‘A Kumquat for John Keats’, by Tony Harrison
…That decade or more past Keats’s span
makes me an older not a wiser man,
who knows that it’s too late for dying young,
but since youth leaves some sweetnesses unsung,
he’s granted days and kumquats to express
Man’s Being ripened by his Nothingness…
When you think of kumquats, what flavour springs to mind? Is your memory sweet, or sour?
When I was a kid, my parents cared for a potted kumquat tree (well, I thought it was a kumquat tree, more on that later). They loved this elegant little tree with its glossy leaves, mass of aromatic blossoms, and round, golden fruit that brightened our porch.
I used to try, again and again, to peel and eat the fruit, but it really wasn’t there for the eating.
Over the years, as I’ve lost the child’s obsession with sugar, I have come to really enjoy picking the odd golden kumquat. But they were never the best fruit, the kind you looked forward to. That space in my heart was reserved for cherries, peaches, and mangoes.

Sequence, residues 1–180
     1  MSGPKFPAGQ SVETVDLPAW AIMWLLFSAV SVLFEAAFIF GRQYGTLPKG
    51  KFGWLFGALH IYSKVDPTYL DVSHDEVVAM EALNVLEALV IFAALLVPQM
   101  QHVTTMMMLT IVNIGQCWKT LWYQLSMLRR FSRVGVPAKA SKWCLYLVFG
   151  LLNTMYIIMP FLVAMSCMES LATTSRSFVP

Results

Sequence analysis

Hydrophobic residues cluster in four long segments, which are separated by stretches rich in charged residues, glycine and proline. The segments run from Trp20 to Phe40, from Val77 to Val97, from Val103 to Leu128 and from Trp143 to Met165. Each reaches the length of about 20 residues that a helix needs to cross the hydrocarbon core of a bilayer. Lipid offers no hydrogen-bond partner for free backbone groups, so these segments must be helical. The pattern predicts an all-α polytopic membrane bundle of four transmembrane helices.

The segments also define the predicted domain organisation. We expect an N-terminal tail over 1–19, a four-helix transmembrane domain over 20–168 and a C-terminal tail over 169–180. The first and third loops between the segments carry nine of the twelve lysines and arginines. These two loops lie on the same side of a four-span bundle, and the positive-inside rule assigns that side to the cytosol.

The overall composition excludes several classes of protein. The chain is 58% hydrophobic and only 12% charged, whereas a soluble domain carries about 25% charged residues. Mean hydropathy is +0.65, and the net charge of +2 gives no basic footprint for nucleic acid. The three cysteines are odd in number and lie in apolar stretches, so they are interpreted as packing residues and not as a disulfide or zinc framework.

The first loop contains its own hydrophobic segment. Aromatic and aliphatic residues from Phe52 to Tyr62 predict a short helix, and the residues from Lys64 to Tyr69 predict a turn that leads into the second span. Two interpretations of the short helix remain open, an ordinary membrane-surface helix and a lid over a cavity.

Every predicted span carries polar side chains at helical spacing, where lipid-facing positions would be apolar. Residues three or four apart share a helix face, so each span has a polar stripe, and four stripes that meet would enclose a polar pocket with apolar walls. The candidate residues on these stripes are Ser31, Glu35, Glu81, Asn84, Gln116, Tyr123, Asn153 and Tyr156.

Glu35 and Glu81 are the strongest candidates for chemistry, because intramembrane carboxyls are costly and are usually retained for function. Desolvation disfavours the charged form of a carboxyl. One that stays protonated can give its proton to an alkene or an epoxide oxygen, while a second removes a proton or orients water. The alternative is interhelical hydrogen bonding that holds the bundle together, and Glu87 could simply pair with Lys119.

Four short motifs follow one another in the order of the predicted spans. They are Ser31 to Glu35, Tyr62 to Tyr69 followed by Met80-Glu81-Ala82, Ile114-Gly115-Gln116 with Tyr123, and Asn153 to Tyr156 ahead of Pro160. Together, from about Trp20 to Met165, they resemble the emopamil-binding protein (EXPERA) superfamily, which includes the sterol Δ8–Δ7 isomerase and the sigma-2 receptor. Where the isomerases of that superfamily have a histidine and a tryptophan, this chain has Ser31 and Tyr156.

And then, on a wander through a market a few years ago, Mr. Small Batch and I spotted some quite different-looking fruit sitting in a small bowl at the counter, labelled ‘Fortunellas’. We bought them out of curiosity, and were immediately hooked.
They were crunchy, sweet-skinned, and when you bit into them they burst with a tiny bit of fragrant, sour juice, which soon disappeared and gave way to sweet flesh again.
In the years since, we’ve become addicted to these, and a devoted customer of specialist farmers The Kumquatery. Every year around late July, a couple of boxes of fresh Nagami kumquats arrives from South Australia, to be ripped open and devoured in short order.
Still, I remained a little confused as to why the round fruit I see left on trees around Australia, are so different to the ones that I get in the post. Sometimes the foraged fruit is good, sometimes bad: kumquats have felt like a bit of a lottery.
Luckily for me farmers are a generous bunch, and Patria at The Kumquatery was happy to walk me through what makes a kumquat, a kumquat, and what to do with a lot of kumquats when you have them!
Could you tell us a little bit about yourself and your farm?
‘We have a five acre property in Renmark, South Australia, just off the Victorian border, and we’ve been here for around seven years. We grow around 500 kumquat trees.